Despite the continent’s vast size, nearly the entire population lives in cities. These are predicted to grow by an additional 20 million people in the next 30 years, with water consumption in larger cities expected to rise by 73% to more than 2,650 gigalitres. To meet this demand Australia is looking beyond its traditional rain-fed dams and reservoirs. Instead, it is turning to technology with all the mainland states investing in large desalination plants, each producing up to 674 gigalitres of additional freshwater to cushion city-dwellers against growth and drought. However, desalination is costly and controversial, using so much energy that its water is nicknamed ‘bottled electricity’; Sydney’s plant costs A$500,000 a day to run—even standing idle. This January it was switched on for the first time since 2012 and is expected to contribute 15% of the city’s drinking water, staving off severe restrictions.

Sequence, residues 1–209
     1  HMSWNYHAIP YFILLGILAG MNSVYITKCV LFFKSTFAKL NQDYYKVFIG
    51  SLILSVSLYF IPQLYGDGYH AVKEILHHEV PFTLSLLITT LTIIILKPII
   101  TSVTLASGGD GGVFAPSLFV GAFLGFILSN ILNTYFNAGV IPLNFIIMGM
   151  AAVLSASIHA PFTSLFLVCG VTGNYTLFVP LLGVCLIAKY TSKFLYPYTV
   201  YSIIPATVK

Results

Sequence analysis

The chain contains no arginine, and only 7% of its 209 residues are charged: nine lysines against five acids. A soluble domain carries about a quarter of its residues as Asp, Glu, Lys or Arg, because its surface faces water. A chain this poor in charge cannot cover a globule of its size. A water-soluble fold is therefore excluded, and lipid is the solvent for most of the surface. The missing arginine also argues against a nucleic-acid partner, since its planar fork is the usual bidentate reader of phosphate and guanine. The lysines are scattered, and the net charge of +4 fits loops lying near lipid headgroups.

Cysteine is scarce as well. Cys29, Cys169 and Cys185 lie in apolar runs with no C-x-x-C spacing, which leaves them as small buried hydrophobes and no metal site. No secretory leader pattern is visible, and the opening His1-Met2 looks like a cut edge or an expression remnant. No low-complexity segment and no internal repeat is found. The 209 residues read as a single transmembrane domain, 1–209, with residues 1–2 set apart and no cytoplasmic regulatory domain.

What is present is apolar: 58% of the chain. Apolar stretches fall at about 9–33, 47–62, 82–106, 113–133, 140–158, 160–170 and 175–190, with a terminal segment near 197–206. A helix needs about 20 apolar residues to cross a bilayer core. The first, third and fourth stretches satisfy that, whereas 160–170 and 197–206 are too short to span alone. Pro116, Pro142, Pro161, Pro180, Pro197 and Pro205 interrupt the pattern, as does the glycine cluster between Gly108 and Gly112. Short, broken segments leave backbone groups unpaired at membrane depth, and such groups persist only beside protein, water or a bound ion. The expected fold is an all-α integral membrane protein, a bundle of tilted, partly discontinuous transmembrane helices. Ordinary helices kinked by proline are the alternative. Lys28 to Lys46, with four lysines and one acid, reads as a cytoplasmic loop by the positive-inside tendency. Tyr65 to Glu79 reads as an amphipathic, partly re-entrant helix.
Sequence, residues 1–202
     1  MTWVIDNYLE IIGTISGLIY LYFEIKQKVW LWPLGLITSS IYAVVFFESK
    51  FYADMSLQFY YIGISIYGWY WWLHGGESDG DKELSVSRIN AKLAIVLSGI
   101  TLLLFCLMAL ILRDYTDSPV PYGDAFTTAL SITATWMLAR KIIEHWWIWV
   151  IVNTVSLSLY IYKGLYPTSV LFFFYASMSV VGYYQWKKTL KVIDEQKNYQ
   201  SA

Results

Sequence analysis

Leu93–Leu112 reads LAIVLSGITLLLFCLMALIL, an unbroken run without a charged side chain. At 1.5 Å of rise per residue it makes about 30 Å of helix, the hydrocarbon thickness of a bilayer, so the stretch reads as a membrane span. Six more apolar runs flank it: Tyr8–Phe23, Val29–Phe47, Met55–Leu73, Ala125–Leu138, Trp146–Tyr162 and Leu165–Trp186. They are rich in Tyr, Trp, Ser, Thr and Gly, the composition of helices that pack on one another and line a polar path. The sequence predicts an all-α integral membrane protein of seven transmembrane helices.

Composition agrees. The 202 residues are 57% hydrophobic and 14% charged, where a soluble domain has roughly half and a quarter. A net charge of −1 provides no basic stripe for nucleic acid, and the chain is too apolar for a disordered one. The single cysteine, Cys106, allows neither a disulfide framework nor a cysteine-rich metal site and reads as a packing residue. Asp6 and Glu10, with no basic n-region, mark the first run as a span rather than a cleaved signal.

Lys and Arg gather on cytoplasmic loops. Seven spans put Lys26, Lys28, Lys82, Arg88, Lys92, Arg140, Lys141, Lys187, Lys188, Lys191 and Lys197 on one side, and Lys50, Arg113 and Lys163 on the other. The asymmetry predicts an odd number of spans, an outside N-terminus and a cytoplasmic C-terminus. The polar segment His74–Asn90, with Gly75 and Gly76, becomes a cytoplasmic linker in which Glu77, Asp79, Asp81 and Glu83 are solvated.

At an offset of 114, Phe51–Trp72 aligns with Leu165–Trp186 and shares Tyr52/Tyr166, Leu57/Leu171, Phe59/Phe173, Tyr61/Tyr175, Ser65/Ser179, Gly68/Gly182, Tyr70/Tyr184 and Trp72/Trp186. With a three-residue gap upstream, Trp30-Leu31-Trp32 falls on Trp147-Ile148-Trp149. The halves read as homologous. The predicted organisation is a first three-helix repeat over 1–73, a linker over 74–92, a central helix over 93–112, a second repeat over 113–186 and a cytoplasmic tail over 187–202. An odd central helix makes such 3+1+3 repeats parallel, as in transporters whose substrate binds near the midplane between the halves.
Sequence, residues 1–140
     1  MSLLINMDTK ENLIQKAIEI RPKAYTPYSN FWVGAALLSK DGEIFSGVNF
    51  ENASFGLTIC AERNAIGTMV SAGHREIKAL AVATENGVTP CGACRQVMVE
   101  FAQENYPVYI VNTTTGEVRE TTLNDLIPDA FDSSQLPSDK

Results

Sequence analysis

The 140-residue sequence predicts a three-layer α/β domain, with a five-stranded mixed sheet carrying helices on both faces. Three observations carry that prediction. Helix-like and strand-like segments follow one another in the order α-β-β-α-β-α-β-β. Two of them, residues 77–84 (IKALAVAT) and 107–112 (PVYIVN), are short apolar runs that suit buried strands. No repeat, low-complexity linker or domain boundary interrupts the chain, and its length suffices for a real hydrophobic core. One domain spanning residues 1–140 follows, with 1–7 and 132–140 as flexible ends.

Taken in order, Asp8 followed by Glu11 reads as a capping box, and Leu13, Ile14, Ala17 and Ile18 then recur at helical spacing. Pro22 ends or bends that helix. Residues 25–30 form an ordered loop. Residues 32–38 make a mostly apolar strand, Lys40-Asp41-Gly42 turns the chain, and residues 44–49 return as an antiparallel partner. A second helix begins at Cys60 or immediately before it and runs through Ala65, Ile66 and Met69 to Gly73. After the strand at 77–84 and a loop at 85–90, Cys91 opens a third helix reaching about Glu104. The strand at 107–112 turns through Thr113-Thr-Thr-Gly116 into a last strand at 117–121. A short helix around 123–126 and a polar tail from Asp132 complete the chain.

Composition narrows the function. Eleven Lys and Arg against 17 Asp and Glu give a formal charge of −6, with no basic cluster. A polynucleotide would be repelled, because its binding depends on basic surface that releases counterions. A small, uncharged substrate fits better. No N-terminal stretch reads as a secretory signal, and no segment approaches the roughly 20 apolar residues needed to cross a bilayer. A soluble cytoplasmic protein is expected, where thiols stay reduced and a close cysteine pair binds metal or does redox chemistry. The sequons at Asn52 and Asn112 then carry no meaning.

In Western Australia, dwindling rains have decreased runoff into Perth’s reservoirs by 91% since the 1970s, forcing an increased reliance on groundwater. Australia’s aquifers are being drained at unsustainable rates, but Perth is now actively replenishing them by pumping 10% of its treated wastewater into shallow aquifers that naturally filter and store the water until it is needed again. This process of augmenting freshwater supplies with treated wastewater, called Indirect Potable Reuse, could be crucial to futureproofing urban water supplies. In 2018 recycled water use increased in most urban centers and although no city directly uses treated wastewater as tap water, Perth has considered it. With the right technology and safeguards it could bring cities and homes close to self-sufficiency.